Associate Professor Michael Cameron came to the University of Waikato as a student to wrap up an accounting degree, but it didn’t take him long to discover he liked economics better, and he went on to do a PhD in the subject.
He’s now a popular teacher and active researcher in population and health economics. (If you’re not happy about the Sale and Supply of Alcohol Act, then you can partly blame Michael for that!)
You teach two first-year economics papers, and one of them, Business Economics and the NZ Economy, is compulsory in the BMS and Bachelor of Business. Is that a hard sell?
Some students, probably about two-thirds of the class, come to university having little or no idea of what economics is, and they may have some anxiety, thinking it’s quite mathematical and very hard. They’re usually relieved to find out that it’s actually things people do every day.
Economics is all about making choices, and people make choices every day, so students and people in general know a lot more about economics than they realise. Even making a decision about coming to class. They may come or they may not. If they haven’t come to class it’s because there’s something else which they believe is providing them with a greater net benefit than class is. Believe it or not, that’s an economic decision. It involves a weighing up of the costs and benefits, it involves consideration of what we call opportunity costs ─ the next best thing you’ve given up in order to come to class. New students might not understand all the words but they understand the choice. They understand the underlying concepts because it’s something they are doing every day. And once explained, they say “oh yeah, that’s obvious”.
Do you set lots of assignments?
It varies between the two classes. For the ECONS101 class, it’s really about linking the concepts that we talk about in class to what’s happening in the real world of business. No assignments, but we have online and in-class tests, and that way I can find out relatively quickly whether or not people are “getting” it or not. In ECONS102 Economics and Society, we have short weekly assignments that require students to think about how the economics in class applies in the real world.
Remember the recent ‘needle in the strawberries’ incident. Well I used that as an example in class. I asked the students what they might expect to happen. You’d expect demand to go down and the price to drop. Yes, but then what then happens to all those unsold strawberries? That gets them thinking… they might get sold for jam, and if that’s the case, won’t there be a lot more strawberry jam on the market, and will the price of that go down too.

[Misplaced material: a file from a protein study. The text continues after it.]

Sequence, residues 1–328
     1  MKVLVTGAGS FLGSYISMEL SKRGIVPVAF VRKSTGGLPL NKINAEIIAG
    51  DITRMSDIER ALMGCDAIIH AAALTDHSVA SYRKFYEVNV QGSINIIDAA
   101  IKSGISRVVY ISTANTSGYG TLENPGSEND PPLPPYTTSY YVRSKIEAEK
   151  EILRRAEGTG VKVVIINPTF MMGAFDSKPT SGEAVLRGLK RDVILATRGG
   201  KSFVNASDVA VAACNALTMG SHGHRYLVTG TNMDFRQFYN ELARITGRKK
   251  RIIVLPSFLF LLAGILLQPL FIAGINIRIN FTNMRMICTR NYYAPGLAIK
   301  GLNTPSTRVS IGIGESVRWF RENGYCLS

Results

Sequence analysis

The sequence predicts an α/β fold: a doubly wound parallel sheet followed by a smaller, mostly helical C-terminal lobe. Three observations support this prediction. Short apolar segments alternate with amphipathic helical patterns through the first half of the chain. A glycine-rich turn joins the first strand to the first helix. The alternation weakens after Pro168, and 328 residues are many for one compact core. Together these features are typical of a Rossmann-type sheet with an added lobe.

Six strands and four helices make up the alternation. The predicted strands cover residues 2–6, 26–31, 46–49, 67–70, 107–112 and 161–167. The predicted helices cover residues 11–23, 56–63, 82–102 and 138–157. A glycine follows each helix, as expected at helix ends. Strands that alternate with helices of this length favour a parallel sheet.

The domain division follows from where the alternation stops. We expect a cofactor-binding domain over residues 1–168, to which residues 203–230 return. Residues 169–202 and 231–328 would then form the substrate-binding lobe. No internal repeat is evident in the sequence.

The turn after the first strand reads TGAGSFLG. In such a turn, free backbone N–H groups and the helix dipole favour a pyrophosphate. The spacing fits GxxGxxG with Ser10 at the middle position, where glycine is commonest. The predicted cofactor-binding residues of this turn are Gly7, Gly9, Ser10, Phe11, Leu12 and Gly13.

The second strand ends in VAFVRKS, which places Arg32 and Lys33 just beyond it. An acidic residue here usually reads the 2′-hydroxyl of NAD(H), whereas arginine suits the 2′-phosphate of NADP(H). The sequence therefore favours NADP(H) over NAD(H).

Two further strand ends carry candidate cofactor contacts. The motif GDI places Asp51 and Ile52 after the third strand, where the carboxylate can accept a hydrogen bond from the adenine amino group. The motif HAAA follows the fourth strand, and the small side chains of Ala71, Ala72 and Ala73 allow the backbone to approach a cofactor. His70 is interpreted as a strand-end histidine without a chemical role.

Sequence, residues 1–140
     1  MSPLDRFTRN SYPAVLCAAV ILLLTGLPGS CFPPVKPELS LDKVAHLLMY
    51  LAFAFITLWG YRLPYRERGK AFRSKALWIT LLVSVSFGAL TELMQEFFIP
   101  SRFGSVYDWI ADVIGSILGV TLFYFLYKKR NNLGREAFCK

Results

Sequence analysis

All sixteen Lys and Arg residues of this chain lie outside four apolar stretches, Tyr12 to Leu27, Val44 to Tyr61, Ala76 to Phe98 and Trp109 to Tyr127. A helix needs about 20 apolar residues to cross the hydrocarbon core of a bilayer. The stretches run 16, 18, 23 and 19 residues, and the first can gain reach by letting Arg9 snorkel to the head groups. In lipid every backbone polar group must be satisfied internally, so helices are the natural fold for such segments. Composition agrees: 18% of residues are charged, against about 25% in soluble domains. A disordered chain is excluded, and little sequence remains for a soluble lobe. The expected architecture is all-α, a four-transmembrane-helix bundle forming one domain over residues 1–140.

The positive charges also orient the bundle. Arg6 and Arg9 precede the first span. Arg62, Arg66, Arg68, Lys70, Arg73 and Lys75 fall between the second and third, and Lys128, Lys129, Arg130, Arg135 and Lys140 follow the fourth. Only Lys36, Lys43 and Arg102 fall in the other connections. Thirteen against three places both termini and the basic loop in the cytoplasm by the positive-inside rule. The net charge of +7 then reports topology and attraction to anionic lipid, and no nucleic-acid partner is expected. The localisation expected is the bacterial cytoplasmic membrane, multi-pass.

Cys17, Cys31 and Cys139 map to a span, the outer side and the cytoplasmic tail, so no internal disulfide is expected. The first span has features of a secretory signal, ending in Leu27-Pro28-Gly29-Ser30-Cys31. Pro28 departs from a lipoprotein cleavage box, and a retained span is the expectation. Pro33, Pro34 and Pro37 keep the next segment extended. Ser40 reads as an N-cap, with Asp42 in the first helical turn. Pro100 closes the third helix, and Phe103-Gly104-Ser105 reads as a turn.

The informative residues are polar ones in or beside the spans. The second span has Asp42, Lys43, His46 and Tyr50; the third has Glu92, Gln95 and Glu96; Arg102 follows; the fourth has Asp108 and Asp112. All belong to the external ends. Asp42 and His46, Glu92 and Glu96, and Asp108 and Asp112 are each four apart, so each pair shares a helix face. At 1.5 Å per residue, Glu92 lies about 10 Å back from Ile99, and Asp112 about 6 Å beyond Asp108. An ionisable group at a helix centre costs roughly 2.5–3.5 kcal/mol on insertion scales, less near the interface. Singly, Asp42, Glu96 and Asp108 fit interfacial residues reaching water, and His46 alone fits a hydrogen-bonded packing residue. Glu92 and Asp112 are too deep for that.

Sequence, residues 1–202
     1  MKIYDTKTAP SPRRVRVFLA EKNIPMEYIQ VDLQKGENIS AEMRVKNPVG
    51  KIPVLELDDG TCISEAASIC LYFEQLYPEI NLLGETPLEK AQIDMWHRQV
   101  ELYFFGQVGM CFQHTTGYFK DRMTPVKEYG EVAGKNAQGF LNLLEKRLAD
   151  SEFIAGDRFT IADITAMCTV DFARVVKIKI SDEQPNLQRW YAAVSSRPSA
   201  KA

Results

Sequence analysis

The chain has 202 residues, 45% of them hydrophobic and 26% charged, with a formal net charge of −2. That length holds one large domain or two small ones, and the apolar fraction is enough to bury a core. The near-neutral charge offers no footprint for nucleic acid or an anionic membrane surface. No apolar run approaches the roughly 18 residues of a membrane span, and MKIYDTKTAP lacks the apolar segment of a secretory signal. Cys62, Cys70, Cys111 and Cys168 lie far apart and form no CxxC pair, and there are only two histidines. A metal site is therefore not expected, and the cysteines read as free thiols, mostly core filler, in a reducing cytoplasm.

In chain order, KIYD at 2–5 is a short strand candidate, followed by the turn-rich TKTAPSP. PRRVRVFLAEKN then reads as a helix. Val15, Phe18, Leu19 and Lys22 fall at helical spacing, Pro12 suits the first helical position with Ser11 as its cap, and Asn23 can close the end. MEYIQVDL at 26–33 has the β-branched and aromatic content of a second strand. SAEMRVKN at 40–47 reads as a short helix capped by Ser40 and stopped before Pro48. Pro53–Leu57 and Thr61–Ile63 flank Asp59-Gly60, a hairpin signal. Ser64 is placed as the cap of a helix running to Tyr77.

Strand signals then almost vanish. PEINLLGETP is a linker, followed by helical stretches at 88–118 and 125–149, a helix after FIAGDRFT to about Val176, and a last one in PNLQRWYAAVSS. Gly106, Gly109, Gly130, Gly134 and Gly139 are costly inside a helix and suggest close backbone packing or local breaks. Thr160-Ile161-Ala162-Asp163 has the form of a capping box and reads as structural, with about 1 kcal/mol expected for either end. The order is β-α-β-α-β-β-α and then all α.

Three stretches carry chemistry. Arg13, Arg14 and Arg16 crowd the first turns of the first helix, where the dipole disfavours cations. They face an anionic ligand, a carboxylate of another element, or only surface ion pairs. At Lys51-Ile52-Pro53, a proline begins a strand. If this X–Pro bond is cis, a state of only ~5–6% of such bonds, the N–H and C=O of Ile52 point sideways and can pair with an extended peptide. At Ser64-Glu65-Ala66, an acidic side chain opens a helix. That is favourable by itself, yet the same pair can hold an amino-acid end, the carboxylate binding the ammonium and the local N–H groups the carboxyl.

There’s that old joke about a group of economists never agreeing, so is there a right and wrong answer for any economic issue?
If you’re applying a particular model there is one answer you’ll get from a particular model, but with economics there’s often more or different models that you can use to explain the same phenomenon.
An economist will understand the application of those models, the different assumptions that are made on the basis of a particular model and the consequences of those. It takes a bit of time to develop an understanding of competing models and the assumptions that underlie them.
Economics answers the ‘why’ questions. Some students, having had a taste in ECONS101, decide to study ECONS102. It looks beyond business, and has a much stronger policy focus. Health economics, education, social security, intellectual property, pollution, climate change, externalities. It’s much broader, and gets down to understanding and answering the policy questions, so you see how models are applied in a range of areas. A lot of students take this paper because it’s a good survey of microeconomics in particular.
Where’s a degree in economics going to take you?
The job title ‘economist’ is not common. Analyst is more usual and most economics grads get jobs as analysts. Economics graduates have the tools to be able to analyse what’s going on in the world around them, whether that’s analysing a business, a market, prices, contracts, social costs, policy… just about anything that requires analysis.
So as an economist you can influence government policy and the formation of laws?
Absolutely and our grads have done that. I’ve done that. I had quite an input into the Sale and Supply of Alcohol Act. I researched where liquor outlets locate how they compete with each other, how they price, and how they influence communities around them in terms of whether they generate harm such as violence or property damage. Pretty relevant stuff.
My population and health economics research gives me good hands-on experience and I can take that experience to my classes. I’m very thoughtful about what and how I teach.